Swope: Day of reckoning ahead for Shine case

Photo by Tammie Toler Thomas Michael Shine Jr

PRINCETON — There’s a potentially important piece of evidence currently unavailable in a Mercer County Mother’s Day homicide.

Thomas Michael Shine, 21, of Princeton, is charged with second-degree murder, wanton endangerment and brandishing in the shooting death of 18-year-old Bailey Dickerson. The shooting occurred after a verbal altercation at the intersection of Old Pisgah Road and Toni Lane near Princeton on Mother’s Day. 

The case is currently set for trial on Sept. 11, but a West Virginia State Police analysis of cell phone records from the suspect’s phone has yet to be returned, according to representatives from both the state and defense. Given that witnesses previously told investigators the verbal argument that led to the shooting began with text messages, that evidence could be crucial to both sides of the case.

But, neither Assistant Prosecuting Attorney Adam Wolfe, nor defense counsel Joseph Harvey had any record that the cell phone had been submitted to the State Police Crime Lab in South Charleston. 

First, Circuit Judge Derek Swope asked if any other law enforcement agency could examine and analyze the phone. But, the state’s representatives indicated they believed it had been submitted to the state police, despite the fact that they did not have a submission report. They did locate one for the firearm believed to have been used in the fatal shooting, but not for the phone.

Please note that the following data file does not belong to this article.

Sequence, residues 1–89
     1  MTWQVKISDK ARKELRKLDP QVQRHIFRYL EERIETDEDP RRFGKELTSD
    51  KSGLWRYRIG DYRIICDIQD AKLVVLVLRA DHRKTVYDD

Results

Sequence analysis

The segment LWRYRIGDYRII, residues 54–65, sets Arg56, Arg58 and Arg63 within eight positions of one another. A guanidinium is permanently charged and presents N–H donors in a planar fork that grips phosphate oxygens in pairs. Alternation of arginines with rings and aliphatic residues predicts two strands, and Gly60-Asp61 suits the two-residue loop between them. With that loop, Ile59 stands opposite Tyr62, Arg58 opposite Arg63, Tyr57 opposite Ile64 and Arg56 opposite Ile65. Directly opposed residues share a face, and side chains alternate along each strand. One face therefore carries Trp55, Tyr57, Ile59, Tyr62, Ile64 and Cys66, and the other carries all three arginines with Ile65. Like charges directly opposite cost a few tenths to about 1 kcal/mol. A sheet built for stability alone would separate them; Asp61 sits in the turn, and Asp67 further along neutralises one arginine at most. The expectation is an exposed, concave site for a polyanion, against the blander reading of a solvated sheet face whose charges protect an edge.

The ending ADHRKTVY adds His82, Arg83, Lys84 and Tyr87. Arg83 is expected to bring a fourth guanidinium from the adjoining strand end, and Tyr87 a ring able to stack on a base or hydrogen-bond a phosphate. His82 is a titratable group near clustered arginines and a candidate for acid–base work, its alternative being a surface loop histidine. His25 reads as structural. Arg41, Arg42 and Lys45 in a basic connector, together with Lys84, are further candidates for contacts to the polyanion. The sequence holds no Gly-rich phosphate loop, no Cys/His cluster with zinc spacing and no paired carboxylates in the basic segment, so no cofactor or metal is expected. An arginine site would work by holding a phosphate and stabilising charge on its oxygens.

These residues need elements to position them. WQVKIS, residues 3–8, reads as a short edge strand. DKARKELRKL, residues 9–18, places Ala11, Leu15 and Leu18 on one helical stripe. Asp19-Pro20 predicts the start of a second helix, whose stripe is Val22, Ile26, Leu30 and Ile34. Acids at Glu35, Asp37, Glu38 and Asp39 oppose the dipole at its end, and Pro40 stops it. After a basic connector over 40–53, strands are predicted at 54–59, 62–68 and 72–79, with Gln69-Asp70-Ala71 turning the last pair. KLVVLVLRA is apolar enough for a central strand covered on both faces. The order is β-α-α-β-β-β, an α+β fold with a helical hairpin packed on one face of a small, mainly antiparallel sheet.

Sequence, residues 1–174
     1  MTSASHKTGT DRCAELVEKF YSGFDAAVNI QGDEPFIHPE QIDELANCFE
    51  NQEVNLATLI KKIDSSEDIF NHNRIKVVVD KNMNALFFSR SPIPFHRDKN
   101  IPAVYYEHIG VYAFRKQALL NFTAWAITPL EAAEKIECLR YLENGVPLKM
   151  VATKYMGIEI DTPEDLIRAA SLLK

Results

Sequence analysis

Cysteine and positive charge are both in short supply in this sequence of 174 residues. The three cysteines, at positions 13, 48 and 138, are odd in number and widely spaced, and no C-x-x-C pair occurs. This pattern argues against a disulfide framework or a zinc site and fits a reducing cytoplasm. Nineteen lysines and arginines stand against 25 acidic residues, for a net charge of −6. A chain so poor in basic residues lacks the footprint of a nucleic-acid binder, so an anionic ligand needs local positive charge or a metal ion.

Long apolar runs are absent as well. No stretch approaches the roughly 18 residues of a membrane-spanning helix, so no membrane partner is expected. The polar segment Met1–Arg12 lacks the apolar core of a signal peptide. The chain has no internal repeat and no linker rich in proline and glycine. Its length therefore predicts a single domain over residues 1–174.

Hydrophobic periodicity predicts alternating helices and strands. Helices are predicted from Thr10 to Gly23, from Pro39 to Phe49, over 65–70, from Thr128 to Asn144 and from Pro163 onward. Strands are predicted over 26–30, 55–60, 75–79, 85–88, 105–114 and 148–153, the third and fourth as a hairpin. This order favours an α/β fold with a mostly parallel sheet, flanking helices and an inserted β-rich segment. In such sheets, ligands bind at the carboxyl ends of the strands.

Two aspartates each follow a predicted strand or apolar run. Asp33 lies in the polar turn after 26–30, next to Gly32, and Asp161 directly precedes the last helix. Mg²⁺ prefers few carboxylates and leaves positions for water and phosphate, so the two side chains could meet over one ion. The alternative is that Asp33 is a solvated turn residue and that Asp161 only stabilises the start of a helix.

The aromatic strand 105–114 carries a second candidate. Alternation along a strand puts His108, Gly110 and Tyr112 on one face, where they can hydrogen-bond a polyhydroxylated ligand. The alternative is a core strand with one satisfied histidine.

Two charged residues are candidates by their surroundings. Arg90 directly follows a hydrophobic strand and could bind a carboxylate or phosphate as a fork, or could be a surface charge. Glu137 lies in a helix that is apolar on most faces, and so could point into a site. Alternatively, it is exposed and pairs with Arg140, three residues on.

Swope then suggested the attorneys start working harder to track down the phone.

“Have you talked to the superintendent of the State Police? I don’t mean some lab rat. I mean the superintendent of the state police,” the judge said, his frustration showing.

He then advised the defense that they could “jump up and down and say, ‘I want my speedy trial,’” if it appeared the state had not been diligent in submitting evidence in the case; however, if the case were to be dismissed due to evidence complications such as the phone that was not tested, the judge said it would be dismissed without prejudice, meaning the state could simply turn around and send it back to the next term of the grand jury.

In that instance, all parties would likely be enduring the same process all over again, at some point in the future. 

“I want to know when they sent it,” Swope said. “If they sent it within a week, they were diligent. If they sent it last week, they may have problems.”

The judge added that he wanted to resolve the case as quickly as possible, but no one could resolve it without the essential evidence.

He also said he didn’t want anyone to say that the courts were holding the case up unnecessarily.

“The day of reckoning is going to come for this case,” he said.